Another stop was to a clinic in the village, it became apparent that though it is a government-owned health facility, it faces great challenges of non-availability of medication to the patients, such that the nurse who spoke with us said she sometimes has to fork out money from her own pockets to support the system. She noted something that impressed us a great deal, however. She says there is now notable change in the mind-set of the community so that she now sees more and more men  taking responsibility for caring for their children, debunking the myth that men are immune and phobic towards child care and family nurturing.

All these issues in Mtubatuba take place against the backdrop of a political crisis. The Municipality is riddled with infighting as the two parties that joined forces to form a coalition government at the municipal level – African National congress (ANC) and the National Freedom Party (NFP) could not come to terms on a number of issues. The coalition was a result of an election that bore no outright winner, forcing a coalition.

Last year, the Mayor and Speaker were recalled and the municipality is in limbo. We interviewed a senior official who confessed that the fracas to political immaturity and lack of leadership. Service delivery to the Mtubatuba area is at its lowest ebb while political bickering takes its toll at the expense of the people.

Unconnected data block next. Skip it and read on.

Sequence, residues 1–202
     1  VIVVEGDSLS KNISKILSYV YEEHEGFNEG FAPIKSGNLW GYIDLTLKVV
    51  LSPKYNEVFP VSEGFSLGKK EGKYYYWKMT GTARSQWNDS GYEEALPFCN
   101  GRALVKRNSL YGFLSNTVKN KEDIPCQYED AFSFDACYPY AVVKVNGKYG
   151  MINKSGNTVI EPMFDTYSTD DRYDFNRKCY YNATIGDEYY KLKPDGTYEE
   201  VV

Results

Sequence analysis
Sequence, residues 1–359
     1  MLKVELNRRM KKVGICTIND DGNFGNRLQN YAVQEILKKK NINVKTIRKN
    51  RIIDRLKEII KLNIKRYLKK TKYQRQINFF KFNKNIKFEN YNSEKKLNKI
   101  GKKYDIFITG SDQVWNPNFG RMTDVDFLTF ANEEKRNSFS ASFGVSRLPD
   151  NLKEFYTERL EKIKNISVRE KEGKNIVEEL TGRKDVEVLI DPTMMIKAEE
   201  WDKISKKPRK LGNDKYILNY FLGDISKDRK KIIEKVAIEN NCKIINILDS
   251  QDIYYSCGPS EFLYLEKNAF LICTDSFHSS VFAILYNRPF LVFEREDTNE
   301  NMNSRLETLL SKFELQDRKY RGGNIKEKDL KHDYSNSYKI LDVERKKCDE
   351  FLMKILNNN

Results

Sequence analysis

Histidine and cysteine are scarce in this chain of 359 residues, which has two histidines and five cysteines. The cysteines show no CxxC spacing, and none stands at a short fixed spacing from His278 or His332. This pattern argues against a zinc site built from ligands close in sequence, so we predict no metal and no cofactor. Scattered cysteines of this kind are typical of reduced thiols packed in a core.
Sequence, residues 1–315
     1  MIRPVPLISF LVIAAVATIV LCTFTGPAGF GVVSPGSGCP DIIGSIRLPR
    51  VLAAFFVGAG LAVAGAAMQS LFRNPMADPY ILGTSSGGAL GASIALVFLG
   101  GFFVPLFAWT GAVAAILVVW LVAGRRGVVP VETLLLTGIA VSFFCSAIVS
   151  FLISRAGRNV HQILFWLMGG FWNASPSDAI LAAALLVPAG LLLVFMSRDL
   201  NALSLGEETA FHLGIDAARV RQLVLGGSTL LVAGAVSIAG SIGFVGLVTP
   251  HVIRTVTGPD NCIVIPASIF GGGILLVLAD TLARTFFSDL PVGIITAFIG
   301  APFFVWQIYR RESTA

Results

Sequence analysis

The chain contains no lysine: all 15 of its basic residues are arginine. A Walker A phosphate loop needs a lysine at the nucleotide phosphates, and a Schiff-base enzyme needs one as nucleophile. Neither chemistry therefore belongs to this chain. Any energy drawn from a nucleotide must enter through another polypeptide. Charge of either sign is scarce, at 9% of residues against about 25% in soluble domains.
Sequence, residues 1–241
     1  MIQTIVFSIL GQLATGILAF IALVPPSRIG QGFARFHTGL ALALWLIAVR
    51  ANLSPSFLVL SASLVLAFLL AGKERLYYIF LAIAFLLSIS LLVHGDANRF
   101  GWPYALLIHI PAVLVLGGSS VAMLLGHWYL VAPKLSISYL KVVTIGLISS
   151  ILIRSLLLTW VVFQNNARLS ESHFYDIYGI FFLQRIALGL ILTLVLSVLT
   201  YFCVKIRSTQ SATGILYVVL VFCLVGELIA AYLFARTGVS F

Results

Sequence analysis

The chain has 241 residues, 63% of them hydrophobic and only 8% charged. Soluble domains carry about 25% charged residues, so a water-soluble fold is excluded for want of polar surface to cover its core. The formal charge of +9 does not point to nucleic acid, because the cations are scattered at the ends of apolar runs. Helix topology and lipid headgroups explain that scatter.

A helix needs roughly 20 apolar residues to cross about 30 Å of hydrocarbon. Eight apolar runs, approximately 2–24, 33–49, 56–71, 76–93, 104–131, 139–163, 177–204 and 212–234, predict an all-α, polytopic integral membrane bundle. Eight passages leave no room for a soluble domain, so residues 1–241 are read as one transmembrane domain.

We concluded this informative trip with a visit was to the Department of Agriculture and Environmental Affairs where the senior officials introduced the department’s functions to the Mtubatuba area in as far as agricultural and environmental issues are concerned. It was good to hear government’s perspective on the issues we saw in the gardens. The officials sited lack of resources and personnel to cover the vast area under their administration.

We hope Development Studies will continue this field trip in years to come and that more of these opportunities will be offered. As our lecturer Dr. Ngcoya said, “These visits are extremely important for me as a teacher and researcher and I learn from the students and the people we interview. It is challenging to pull off a programme like this but I think that students gain a lot more from discussing deep conceptual stuff in the real world. Our serious reflections and discussions were very informal and often went late into the night. Surely, this is superior to pontificating about things in some dry, detached and airconditioned seminar room.”

By Mzimkhulu Sithetho: MA Student, Development Studies